Associated press (re-print) Washington A free-speech advocacy group accused the religious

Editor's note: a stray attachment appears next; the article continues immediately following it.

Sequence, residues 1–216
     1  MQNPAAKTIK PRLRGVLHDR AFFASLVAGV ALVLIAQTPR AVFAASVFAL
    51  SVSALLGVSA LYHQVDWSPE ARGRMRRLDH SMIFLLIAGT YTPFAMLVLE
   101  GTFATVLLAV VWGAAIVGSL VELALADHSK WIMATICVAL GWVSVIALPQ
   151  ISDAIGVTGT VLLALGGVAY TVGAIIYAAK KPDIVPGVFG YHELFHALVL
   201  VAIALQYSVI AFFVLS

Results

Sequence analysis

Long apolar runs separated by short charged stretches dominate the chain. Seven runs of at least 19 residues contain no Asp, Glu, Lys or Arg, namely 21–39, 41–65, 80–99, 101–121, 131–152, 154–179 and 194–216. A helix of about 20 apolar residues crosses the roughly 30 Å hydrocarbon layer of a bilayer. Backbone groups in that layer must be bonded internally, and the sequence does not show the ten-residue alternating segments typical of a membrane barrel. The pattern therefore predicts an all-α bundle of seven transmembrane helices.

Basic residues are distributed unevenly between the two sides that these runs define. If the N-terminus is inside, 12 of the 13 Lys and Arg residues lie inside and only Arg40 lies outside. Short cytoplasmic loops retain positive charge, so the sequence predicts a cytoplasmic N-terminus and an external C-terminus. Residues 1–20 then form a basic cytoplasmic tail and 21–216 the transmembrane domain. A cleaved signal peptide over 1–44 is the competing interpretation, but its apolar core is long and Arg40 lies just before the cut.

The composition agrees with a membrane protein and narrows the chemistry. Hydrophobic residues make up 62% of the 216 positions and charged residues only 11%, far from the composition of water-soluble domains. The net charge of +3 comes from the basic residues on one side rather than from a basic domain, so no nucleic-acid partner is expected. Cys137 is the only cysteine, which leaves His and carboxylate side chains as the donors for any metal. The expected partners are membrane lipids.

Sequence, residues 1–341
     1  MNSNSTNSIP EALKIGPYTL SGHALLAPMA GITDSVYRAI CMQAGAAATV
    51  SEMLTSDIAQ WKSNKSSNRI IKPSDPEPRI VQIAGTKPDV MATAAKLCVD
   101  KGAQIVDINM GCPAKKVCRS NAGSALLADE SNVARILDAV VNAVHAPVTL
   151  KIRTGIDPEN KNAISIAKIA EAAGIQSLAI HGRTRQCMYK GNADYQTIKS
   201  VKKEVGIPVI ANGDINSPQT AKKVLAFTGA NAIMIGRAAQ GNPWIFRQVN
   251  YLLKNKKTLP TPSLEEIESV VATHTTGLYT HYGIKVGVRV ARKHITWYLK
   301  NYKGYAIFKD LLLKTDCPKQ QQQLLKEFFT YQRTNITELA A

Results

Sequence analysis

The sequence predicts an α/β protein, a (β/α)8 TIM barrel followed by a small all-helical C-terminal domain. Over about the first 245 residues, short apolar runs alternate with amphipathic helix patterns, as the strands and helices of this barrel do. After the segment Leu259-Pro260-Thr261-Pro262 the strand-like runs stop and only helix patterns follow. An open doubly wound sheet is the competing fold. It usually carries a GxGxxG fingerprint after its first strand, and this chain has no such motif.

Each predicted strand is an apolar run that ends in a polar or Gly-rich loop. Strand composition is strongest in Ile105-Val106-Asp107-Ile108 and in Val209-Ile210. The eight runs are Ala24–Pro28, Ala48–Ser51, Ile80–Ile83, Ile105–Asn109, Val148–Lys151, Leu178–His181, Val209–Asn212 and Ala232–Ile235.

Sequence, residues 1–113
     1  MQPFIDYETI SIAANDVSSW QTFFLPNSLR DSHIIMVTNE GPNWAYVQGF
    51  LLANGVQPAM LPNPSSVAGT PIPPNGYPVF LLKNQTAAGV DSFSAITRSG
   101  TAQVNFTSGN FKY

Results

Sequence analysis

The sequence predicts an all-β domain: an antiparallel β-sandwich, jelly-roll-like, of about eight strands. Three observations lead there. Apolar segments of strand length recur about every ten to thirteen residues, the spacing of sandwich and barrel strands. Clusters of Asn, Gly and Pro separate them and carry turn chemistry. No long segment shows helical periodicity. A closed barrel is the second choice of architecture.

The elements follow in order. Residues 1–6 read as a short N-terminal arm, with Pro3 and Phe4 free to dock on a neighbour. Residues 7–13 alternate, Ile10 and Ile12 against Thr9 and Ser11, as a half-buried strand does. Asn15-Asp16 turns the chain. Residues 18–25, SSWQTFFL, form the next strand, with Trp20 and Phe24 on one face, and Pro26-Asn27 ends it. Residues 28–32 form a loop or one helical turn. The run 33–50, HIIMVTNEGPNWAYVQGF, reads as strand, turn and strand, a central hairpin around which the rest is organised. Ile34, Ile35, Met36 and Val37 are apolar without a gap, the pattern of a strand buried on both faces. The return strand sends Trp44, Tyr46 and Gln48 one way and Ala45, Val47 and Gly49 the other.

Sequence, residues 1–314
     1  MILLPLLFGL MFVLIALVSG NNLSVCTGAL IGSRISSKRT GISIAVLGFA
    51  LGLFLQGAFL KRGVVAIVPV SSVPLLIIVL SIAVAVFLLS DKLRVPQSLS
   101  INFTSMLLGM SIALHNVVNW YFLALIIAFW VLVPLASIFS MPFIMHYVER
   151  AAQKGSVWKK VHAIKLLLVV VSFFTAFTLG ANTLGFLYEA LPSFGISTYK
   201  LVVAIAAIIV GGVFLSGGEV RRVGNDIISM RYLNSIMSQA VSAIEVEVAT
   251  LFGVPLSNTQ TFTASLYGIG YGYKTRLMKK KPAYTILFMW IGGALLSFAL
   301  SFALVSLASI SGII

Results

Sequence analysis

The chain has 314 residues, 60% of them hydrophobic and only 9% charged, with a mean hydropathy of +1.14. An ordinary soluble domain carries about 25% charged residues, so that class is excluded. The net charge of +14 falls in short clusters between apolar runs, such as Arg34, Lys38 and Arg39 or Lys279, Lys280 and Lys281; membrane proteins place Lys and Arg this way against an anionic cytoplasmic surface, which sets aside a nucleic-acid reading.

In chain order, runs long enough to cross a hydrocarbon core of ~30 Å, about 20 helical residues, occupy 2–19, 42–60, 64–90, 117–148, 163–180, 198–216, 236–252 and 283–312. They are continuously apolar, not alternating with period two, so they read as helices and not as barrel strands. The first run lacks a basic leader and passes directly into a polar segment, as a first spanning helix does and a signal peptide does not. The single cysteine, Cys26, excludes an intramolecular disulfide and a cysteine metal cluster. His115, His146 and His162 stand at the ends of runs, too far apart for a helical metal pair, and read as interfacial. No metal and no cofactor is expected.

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Associated press (re-print) Washington A free-speech advocacy group accused the religious right yesterday of waging a national censorship campaign in public schools and said it found 347 attempts last year to censor books, plays and other materials used by school children. The report documented attempts at censorship in 44 states and in every region of the country, "paints a picture of public education under siege," said Arthur J. Kropp, president of People for the American Way, a liberal civil liberties group. The group released the findings at a news conference where its officials accused conservative religious organizations of waging an aggressive campaign to ban books, newspaper articles, plays and other material in schools when they consider them contrary to their religious practices or "family values." "The sheer numbers in this report are disturbing," said Deanna Duby, the group's deputy legal director and a former school teacher. The report listed 347 attempts - mostly by parents of school children - to censor books, plays and other material in the 1992-93 school year. The targets ranged from material used in so-called "self-esteem" learning programs, to plays and classics such as "Sleeping Beauty," "Tom Sawyer," and "The Catcher and the Rye." Although complaints usually were raised by individual parents, the report said the religious right appears directly or indirectly to be involved in nearly 40 percent of the cases. About 7 percent were attributed to complaints from parents of liberal ideology and typically involved alleged racism in certain books. "Religious right groups are far and away the single largest political force promoting censorship in the schools," said Matthew Freeman, research director for People for the American Way. Martin Mawyer, president of Christian Action Network, denied that there is any _secret_ national campaign and said the cases cited by the liberal advocacy group reflect concerns by individual parents. "These parents don't want to send their children to schools which promote [sic] homosexuality, attack religious beliefs, use explicit sex education materials and delve into the psyches of their children," said Mawyer. Robert Simonds, who heads Citizens for Excellence in Education, said his cult provides informational material "to parents that don't have the time to do the research" but is not trying to wage a national campaign of censorship. "We're trying to give people the facts, not religious jargon," Simonds said in a telephone interview. Simonds' group was singled out by the censorship report. In nearly half of the cases cited by People for the American Way, the attempts at censorship stemmed from either sexual content or objectionable language. A third of the complaints involved concerns based on religion, often complaints that the book included references to Satanism or Witchcraft, the report said. By comparisons, the group found 346 censorship attempts in schools in the 1991-92 year, 264 in the 1990-91 school year, 244 in the 1989-90 and 172 in the 1988-89. Of the 347 cases, nearly half involved books in school libraries and an additional 31 percent involved books specifically assigned in the classroom. About 11 percent of the total - 37 cases - concerned challenges to so-called "self-esteem" educational programs. CENSORED WORKS Some of the books and plays parents complained of during the 1992-93 school year in libraries and classrooms, according to People for the American Way: "Where's Waldo?" - for depicting a woman's bare breast. "The Catcher and the Rye" - for immorality and profanity. "The Color Purple" - for profanity and sexually explicit language. "Dracula" - for promoting [sic] Satanism. "Lord of the Flies" - for sexual references. "Of Mice and Men" - for profanity. "I Know Why the Caged Bird Sings" - for profanity. "Little House on the Prairie" - for way it depicts "people of color." "Tom Sawyer" - for terms that belittle "people of color." "Sleeping Beauty" - for violence and being frightening.


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